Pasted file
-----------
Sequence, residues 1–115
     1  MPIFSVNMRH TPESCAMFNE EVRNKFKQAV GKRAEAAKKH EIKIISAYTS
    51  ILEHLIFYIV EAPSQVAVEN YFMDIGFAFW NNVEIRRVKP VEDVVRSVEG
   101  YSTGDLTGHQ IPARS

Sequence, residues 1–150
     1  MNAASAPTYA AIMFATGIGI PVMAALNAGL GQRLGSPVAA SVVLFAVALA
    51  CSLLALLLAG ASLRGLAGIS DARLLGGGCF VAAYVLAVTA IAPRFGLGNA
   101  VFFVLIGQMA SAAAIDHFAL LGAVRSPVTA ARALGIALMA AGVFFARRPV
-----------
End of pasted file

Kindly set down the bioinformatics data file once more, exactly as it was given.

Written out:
Sequence, residues 1–115
     1  MPIFSVNMRH TPESCAMFNE EVRNKFKQAV GKRAEAAKKH EIKIISAYTS
    51  ILEHLIFYIV EAPSQVAVEN YFMDIGFAFW NNVEIRRVKP VEDVVRSVEG
   101  YSTGDLTGHQ IPARS

Sequence, residues 1–150
     1  MNAASAPTYA AIMFATGIGI PVMAALNAGL GQRLGSPVAA SVVLFAVALA
    51  CSLLALLLAG ASLRGLAGIS DARLLGGGCF VAAYVLAVTA IAPRFGLGNA
   101  VFFVLIGQMA SAAAIDHFAL LGAVRSPVTA ARALGIALMA AGVFFARRPV